• SSTI poll shows overwhelming support for innovation platform

    More than 90 percent of the electorate support expanded efforts to strengthen the key elements of a knowledge-driven economy. Members can sign up for a webinar on how the poll can inform your communications.

  • Become an SSTI Member

    As the most comprehensive resource available for those involved in technology-based economic development, SSTI offers the services that are needed to help build tech-based economies.  Learn more about membership...

  • Subscribe to the SSTI Weekly Digest

    Each week, the SSTI Weekly Digest delivers the latest breaking news and expert analysis of critical issues affecting the tech-based economic development community. Subscribe today!

Universities, Partners Build World-Class Facilities to Spur Economic Growth

June 16, 2016

In addition to several new moonshot R&D initiatives and other joint research efforts, several universities recently have announced public-private partnerships that will build multi-million dollar, world-class R&D facilities. Whether it is on-campus facilities in Akron and Pittsburgh or off-campus facilities in Boston, Iowa City, and South Bend, IN, these new facilities are intended to build a 21st century workforce, launch startups, and cultivate R&D partnerships between universities and industry.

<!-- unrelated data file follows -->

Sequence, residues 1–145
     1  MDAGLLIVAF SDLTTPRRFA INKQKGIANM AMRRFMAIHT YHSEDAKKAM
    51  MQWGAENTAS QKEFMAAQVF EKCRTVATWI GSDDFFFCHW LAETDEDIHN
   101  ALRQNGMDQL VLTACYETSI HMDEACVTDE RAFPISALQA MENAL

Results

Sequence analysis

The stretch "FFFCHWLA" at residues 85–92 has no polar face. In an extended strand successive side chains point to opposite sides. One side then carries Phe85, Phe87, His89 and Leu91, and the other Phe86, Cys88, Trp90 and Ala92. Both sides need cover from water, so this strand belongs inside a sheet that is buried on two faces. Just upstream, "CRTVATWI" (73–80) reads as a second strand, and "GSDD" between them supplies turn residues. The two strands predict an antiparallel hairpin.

In May, the University of Akron, in partnership with Pennsylvania-based Tosoh Bioscience LLC, opened the Tosoh Polymer Chromatography Laboratory at the Goodyear Polymer Center on the university’s Akron, Ohio, campus. Tosoh Bioscience LLC provided funding necessary for the University of Akron to purchase several key R&D resources including Tosoh’s gel permeation chromatography systems. The intent of the new lab is to help “educate the next generation of polymer scientists with the best tools for their cutting-edge research to create, understand and use new polymers, nanomaterials, and biomaterials.” The lab’s equipment also will be available for testing for outside companies.

In partnership with Ansys Inc – an engineering simulation software company – Carnegie Mellon University (CMU) announced plans to build a 30,000-square-foot teaching, design, and laboratory for CMU students, according to the Pittsburgh Post-Gazette. While the cost of the building has not been disclosed, the engineering lab is intended to help CMU students transition into “what’s being called Industry 4.0, a new frontier of manufacturing where testing, building and production will become more efficient,” says Mark Hindsbo, CMO and VP of marketing at ANSYS. The new building will include:

  • Lecture Halls;
  • Research Facilities;
  • An 11,000-square-foot nanofabrication clean room;
  • R&D labs with manufacturing capabilities for projects such as a student-built race car or solar-powered boat; and,
  • A Fabrication center.

In addition to the resources for students, Ansys and CMU’s other industrial partners will have access to physics-based simulation tools and cutting-edge technologies for making, assembling and testing their designs. The three-story building will be completed by 2018.